COVID-19: An unprecedented challenge for the insurance industry?

Published Date: 4th May 2020

Angus Sim talks to Julian Enoizi, CEO of Pool re., a public/private partnership created in 1993 to provide terrorism cover for UK insurers. Custodians of an emergency fund standing at around £6.5bn, Pool Re. is fed primarily from policyholder premiums, and is backed by government via a retrocession scheme.

In the face of the Covid-19 global pandemic, the insurance industry has struggled to respond to a crisis which it was unprepared to tackle. Faced with an unprecedented challenge the industry, in Julian Enoizi’s words, ‘hasn’t bathed itself in glory’, and has been criticised for failing to act sympathetically towards customers or mobilising its vast resources to facilitate the support effort for the millions of affected people and businesses.

Specifically, as Enoizi and many other besides have pointed out, the insurance industry ‘mechanism’ was perfectly placed to support the distribution of vital funds, such as the government’s coronavirus furlough scheme to the businesses and individuals across the UK who desperately need it.

Under the scheme firms continue paying staff and can ‘claim’ back the money in the form of a grant which they currently receive in around 6 weeks. Many see the insurance industry as the ideal channel through which these funds could be channelled in the event of a future crisis, more quickly and effectively than the current system. For one, businesses are familiar with the mechanisms of business insurance. Added to which, insurers and brokers have the benefit of a direct connection to the consumer or business insured, and are often already front of mind when considering a claim.

The practicalities would be largely straightforward. The Insurance market is already well-versed in such mechanisms and typically possess the tools, skills and experience to understand the potential risks opposing them. The market has spent many years assessing claims, leveraging technology and data insights and so they would be well positioned to identify and investigate potential fraudulent activity.

That said, in a crisis such as this, the sums of money are huge. The government’s furlough scheme is expected to distribute at least £42bn, but probably more. Where there’s vast sums of money involved, there’s also the threat of fraud attempts. Although the insurance industry is by no means a stranger to fraud, becoming a channel for large-scale distribution of crisis fund would no doubt require heightened levels of due diligence to ensure that funds are distributed only to genuine applicant organisations. Strong mechanisms to positively ID applicants paired with extensive due diligence checks – PEPs, sanctions, ultimate beneficial ownership – on claimant organisations would be a must to check the legitimacy of the business owners and its structure, alongside fully digitised processes compatible with the forced remote working environment to enable electronic authentication of people and documents. Additional anti-fraud measures would safeguard processes still further, using vast data sets of online transactions from millions of devices to spot suspicious activity in the devices and IP addresses of those making the claims to determine the likelihood that an application is from a genuine business.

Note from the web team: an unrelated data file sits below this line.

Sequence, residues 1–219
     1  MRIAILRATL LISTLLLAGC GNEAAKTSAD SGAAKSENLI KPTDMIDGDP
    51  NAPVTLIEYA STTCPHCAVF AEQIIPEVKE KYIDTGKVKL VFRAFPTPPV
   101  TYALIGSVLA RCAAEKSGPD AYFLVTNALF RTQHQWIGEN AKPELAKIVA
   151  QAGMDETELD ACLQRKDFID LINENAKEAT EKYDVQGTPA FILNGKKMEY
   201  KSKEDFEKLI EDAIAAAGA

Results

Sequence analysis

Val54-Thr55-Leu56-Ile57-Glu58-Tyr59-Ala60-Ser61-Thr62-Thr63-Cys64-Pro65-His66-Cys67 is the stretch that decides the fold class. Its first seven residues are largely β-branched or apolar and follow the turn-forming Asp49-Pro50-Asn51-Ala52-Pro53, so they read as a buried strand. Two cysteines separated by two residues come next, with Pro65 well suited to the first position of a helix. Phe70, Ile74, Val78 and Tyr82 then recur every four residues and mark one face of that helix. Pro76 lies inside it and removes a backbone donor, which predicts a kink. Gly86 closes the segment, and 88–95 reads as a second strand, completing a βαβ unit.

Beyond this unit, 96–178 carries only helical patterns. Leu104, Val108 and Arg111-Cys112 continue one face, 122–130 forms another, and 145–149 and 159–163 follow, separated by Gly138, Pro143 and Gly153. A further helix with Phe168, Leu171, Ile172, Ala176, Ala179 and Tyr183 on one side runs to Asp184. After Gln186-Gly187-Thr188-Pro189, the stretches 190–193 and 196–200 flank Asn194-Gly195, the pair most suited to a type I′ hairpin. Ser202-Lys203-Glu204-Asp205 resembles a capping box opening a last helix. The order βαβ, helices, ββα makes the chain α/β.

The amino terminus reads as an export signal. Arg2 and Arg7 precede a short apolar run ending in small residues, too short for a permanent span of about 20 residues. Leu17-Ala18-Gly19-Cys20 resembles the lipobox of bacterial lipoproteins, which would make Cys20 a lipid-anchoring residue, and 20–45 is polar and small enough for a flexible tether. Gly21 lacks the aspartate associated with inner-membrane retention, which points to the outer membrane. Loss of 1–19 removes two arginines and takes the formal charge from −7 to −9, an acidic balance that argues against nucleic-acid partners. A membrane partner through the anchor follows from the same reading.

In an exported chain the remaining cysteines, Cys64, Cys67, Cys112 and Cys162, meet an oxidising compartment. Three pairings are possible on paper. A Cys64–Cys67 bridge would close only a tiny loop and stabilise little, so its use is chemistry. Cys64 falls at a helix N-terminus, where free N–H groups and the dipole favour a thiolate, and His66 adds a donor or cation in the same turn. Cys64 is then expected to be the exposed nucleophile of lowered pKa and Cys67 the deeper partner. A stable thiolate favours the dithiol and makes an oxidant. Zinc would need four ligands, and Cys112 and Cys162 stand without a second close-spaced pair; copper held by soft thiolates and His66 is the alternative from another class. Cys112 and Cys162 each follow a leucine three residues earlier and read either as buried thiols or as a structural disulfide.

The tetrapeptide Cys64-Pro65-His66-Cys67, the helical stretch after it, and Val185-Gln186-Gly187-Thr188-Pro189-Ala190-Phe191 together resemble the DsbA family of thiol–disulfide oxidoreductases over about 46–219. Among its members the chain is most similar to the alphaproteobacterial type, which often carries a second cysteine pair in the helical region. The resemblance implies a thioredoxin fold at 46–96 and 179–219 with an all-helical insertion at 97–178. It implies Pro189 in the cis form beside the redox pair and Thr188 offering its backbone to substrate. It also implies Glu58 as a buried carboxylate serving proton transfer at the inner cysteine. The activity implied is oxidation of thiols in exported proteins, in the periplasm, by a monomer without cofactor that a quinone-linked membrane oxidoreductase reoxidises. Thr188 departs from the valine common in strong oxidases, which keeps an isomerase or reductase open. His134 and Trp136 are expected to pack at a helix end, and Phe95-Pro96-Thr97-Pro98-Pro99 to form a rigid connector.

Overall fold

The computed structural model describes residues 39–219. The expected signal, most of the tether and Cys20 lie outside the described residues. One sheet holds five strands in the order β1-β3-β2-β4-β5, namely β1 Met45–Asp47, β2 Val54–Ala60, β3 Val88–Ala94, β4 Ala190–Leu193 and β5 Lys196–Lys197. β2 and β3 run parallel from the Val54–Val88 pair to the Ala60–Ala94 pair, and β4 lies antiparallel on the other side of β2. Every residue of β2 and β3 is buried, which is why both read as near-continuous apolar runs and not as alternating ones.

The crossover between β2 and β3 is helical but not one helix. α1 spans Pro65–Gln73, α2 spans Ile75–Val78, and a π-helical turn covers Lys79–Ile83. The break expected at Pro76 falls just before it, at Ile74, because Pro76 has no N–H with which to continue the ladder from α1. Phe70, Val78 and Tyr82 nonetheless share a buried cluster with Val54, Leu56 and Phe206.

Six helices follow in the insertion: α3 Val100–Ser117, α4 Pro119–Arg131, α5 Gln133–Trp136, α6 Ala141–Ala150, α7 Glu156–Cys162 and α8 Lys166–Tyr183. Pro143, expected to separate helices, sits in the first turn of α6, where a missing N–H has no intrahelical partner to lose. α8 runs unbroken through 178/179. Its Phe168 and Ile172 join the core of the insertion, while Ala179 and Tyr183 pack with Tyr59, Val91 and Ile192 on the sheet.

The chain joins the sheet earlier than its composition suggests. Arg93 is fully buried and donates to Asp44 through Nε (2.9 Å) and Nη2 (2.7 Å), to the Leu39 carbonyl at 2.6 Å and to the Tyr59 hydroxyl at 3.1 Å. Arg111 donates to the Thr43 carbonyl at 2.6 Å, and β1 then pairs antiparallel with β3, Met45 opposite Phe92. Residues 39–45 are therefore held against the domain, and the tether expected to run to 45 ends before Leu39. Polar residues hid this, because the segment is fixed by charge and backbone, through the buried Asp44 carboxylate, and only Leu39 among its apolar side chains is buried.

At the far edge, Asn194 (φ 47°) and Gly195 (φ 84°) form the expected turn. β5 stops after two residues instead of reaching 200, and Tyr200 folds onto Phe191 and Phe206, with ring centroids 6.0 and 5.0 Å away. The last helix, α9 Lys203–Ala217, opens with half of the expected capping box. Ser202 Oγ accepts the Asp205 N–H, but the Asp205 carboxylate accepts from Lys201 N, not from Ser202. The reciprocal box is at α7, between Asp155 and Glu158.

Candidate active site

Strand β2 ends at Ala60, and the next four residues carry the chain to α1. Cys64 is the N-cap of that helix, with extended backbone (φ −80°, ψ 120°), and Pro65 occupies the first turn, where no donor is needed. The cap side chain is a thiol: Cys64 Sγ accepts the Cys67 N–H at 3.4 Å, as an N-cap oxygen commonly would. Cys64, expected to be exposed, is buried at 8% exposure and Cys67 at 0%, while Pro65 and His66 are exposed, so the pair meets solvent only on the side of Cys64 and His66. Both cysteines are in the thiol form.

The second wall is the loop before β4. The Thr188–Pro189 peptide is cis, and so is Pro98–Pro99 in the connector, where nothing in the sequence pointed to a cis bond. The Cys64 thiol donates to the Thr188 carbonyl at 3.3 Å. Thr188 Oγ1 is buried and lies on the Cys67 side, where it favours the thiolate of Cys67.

In light of the surprise with which this pandemic has gripped the UK, not to mention the globe, Pool Re. with the government are leading global discussions around the feasibility of a pandemic fund, similar to those that already exist in the UK for floods and around the world for other natural disasters.

Such an undertaking is not without its challenges, however. Firstly, it needs buy-in from an already insurance-fatigued public to cover yet another uninsurable risk at the cost of higher premiums for all. Added to which, to build a serviceable fund quickly enough, the scheme would need significant contributions, meaning equally significant premium hikes in the near-term.

Secondly, people may rightly ask why they’re being asked to contribute. After all, pandemic of this nature is, we’re repeatedly told, a once in a generation event. Having just about survived with the help of governmental intervention so far, the argument for a new fund specifically to protect against a future threat that might not materialise for 100 years, or ever, will be to many people rather weak. Others might argue whether those funds might not be put to better use flowing around the economy and fuelling the recovery that is a far more important to the UK in the near future.

As Enoizi points out, the government will always be insurer of necessity in some extreme circumstances – this clearly being one. But, he says, “it’s important that any future pandemic insurance fund solution avoids offloading responsibility totally onto the state. A public/private partnership should be sought to find the optimum way to share the risk of future pandemics. We need to think more innovatively about mutualisation of risk.”

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